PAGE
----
Paleobiology.—The exact mode of life of Palaeobenthesicymus libanensis remains an open question. Most of the authors (Brocchi 1875; Glaessner 1945; Roger 1946) did not discuss the palaeoecology of this species. Some important features of P. libanensis would suggest that crest-bearing shrimps were necto-benthic animals with well-developed capacities for swimming: (1) the whole exoskeleton is very thin and smooth, without ornamentation, as observed in numerous modern nektonic shrimps (Pérez Farfante and Kensley 1997); (2) the antennae are very long and therefore may act as a parachute in the water column (Bauer 2004); (3) the long and well-developed pleopods suggest active swimming; (4) the strong tail fan composed of uropods which exceed the length of the telson by three-quarters may indicate very active propulsion; and (5) the well-developed rostral crest may have played an important role in the stability and steering during the swimming. The relatively flattened pereiopods reinforced by longitudinal ridges also suggest good capacities for benthic locomotion. The very slender chelae of the first three pereiopods may indicate that P. libanensis was an active predator and principally fed on small organisms living in the soft muddy bottoms of the Sahel Alma Lagerstätte. The possible predatory habits of the crest-bearing shrimps are also confirmed by the presence of their bilobed eyes. Bilobed eyes are very rare among recent crustaceans. They are known in predator euphausiacids that live in very dim-light conditions, below the euphotic zone (Land 1980). Their eyes are characterized by two lobes: (1) the lower lobe with relatively large ommatidia to detect the bioluminescence emitted by potential preys and/or predators in the darkness of the water column and (2) the upper lobe with small ommatidia shows relatively limited capacities to detect faint lights but offers a higher image resolution to discern the outline of preys (often using counter-illumination or transparency) in the residual daylight coming from the water surface (Land 1980). Thus, bilobed eyes in P. libanensis may be interpreted as an adaptation to vision at low light intensities. They strongly suggest that these animals were visual predators and possibly were able to detect prey in dim light conditions (relatively deep environment and/or turbid waters).
Palaeoenvironmental significance.—Palaeobenthesicymus libanensis is relatively similar in size and general morphology to some extant Benthesicymidae such as Benthesicymus crenatus Bate, 1881. This species is a deep-water shrimp and only few biological and ecological data are available because it lives at depths where in situ observations are rare and dependent upon submersibles or camera sledges (Pérez Farfante and Kensley 1997). However, Jamieson et al. (2009) reported that B. crenatus lives at depths exceeding 7000 m and is an active predator that was observed preying upon smaller scavenging amphipods. There are also morphological resemblances (e.g., elongate chelipeds, small rostrum, long multiarticulated pleopods, body shape) between P. libanensis and some caridean shrimps of Pasipheidae that are known to make daily migrations moving to the water surface at night and returning to deep water during the day. These species are predator and principally feed on mysids, chaetognaths and small fishes (Cartes 1993). The comparisons with Recent Benthesicymidae and Pasipheidae seem to indicate that P. libanensis might have been an active predatory and have played a key role between the benthic and pelagic palaeoecosytems. More precisely, P. libanensis was probably nectobenthic and might have preyed both on the small-sized crustaceans living in the muddy substrate typical of the chalky sediments of Sahel Alma and on those living in the water column. In summary, P. libanensis is an important component of the Sahel Alma Lagerstätte that has morphological and possible ecological analogues among the extant deep-water Benthesicymidae. That the crest-bearing shrimps lived in relatively deep water conditions is plausible and confirmed by other fossils such as coleoid cephalopods (Lukeneder and Harzhauser 2004), actinopterygians, chondrichtyians (Gayet et al. 2003) and crinoids (Roger 1946). All these organisms support the notion that the Sahel Alma area was situated in the lower circalittoral zone with a water depth most probably exceeding 150 m. This interpretation is compatible with the geological data suggesting that the chalky limestones from Sahel Alma were probably deposited in a small depression around the plateform-basin transition in the lower circalittoral zone or in the upper bathyal zone (depth ca. 150–200 m).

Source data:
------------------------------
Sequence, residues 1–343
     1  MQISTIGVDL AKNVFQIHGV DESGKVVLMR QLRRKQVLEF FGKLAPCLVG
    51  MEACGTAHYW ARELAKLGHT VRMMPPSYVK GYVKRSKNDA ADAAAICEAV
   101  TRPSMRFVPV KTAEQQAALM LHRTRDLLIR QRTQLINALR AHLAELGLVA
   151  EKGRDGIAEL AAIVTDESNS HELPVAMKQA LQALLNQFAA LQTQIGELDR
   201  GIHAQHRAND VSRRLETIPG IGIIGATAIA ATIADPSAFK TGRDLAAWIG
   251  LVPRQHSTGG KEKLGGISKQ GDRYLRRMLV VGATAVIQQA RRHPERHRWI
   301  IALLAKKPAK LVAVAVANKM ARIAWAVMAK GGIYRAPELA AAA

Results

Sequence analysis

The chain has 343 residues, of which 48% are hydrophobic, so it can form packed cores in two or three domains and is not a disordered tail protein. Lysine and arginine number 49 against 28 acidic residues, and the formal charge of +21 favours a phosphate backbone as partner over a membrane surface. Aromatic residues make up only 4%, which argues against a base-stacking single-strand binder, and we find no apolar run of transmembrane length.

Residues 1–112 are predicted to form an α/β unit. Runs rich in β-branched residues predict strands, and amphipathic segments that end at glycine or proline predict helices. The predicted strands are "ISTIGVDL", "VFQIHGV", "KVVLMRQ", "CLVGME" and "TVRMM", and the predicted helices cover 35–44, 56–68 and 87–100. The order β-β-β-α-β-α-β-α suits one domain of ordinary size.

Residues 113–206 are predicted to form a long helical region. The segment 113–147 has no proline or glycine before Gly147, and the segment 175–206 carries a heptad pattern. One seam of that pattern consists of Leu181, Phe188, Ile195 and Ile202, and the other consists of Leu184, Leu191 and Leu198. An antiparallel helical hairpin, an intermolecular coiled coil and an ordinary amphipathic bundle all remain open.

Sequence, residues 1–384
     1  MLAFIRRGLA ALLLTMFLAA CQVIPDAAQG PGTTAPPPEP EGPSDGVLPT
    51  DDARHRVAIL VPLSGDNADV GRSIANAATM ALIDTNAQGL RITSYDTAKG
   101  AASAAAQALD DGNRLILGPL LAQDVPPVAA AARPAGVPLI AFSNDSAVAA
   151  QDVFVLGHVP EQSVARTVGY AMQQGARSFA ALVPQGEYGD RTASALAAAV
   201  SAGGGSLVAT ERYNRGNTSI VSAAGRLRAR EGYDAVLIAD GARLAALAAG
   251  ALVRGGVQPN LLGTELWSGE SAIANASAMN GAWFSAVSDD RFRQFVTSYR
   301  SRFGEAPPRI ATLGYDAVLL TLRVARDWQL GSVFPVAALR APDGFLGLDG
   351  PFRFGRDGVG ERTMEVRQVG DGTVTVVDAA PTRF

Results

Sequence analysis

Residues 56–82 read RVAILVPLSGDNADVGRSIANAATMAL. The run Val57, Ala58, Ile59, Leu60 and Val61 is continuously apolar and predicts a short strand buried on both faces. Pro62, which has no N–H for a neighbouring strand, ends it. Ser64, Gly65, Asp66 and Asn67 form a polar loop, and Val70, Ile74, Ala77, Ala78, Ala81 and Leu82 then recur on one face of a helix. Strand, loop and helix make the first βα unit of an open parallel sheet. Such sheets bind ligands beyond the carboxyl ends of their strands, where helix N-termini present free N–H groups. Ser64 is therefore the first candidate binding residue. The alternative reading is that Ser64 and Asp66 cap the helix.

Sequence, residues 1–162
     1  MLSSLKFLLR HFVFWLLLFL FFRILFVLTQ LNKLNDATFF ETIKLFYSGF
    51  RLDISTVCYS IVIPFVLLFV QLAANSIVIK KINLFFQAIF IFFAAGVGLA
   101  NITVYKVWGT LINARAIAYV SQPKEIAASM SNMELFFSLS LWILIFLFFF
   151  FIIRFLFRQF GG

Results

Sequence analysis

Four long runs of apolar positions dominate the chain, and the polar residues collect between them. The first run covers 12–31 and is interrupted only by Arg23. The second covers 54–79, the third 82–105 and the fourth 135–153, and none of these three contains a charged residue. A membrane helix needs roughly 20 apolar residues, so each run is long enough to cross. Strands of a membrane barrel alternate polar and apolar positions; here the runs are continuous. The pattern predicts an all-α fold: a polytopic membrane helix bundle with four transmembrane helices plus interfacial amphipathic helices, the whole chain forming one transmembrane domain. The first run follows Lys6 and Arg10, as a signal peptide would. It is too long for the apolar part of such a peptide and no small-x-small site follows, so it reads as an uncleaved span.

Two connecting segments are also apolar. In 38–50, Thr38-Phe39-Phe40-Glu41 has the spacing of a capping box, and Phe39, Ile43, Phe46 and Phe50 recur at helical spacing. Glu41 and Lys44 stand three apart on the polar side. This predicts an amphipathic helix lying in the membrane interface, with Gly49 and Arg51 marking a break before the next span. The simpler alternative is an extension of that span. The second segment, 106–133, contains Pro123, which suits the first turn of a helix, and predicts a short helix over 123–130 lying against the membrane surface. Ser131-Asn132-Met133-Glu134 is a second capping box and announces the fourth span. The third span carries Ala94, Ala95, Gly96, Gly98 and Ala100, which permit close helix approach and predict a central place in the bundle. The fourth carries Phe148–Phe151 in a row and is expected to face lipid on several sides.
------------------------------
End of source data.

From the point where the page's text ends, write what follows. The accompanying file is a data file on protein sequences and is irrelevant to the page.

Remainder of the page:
The study of the exceptionally preserved crustaceans from the Sahel Alma Lagerstätte shows that the crest bearing shrimps are major components of the fauna. The revision of these shrimps leads to the erection of Palaeobenthesicymus gen. nov. and to the new combination Palaeobenthesicymus libanensis (Brocchi, 1875) that is the oldest record of the family Benthesicymidae Wood-Mason in Wood-Mason and Alcock, 1891. Detailed comparisons with extant morphological and ecological analogues give new insights on the palaeoecology of the crest-bearing shrimps and provide new data to interpret the Sahel Alma marine palaeoenvironment. If our interpretations are correct, these shrimps belonged to a deep shelf assemblage characterized by chalky sediments under dysphotic or aphotic conditions. They inhabited relatively deep water settings most probably exceeding 150 m at the transition between the lower circalittoral and the upper bathyal zones. They provide key-information on the shrimps near the end of the Mesozoic and prefigure the development of the modern crustacean faunas.
We thank the two reviewers Rodney M. Feldmann (Kent State University, Kent, USA) and Alessandro Garassino (Museo di Storia Naturale di Milano, Italy) for constructive criticism of our manuscript. We are pleased to acknowledge Jean-Michel Pacaud and Gaël Clément (both Muséum national d'Histoire naturelle, Département Histoire de la Terre, Paris, France) for access to fossil collections and, Régis Cléva (Muséum national d'Histoire naturelle, Département Milieux et Peuplements aquatiques, Paris, France) for access to the collections of Recent crustaceans. We are grateful to Delphine Desmares, Silvia Gardin, Edwige Masure, Gilles Petit, and Isabelle Rouget (all Université Pierre & Marie Curie, Paris 6, France), Tamara Frank (Florida Atlantic University, Fort Pierce, USA), and Michael Bok (University of Maryland, Baltimore, USA) for their useful advices. We thank Annelise Folie (Institut Royal des Sciences de Belgique, Brussels, Belgium) for her help on the type material of Penaeus smyrnacus. We thank Christian Lemzaouda (Muséum national d'Histoire naturelle, Paris, France) for his assistance in photographic work. This paper is a contribution to the UMR CNRS 7207 Centre de Recherche sur la Paléobiodiversité et les Paléoenvironnements and to the Département Histoire de la Terre (Muséum national d'Histoire naturelle, Paris).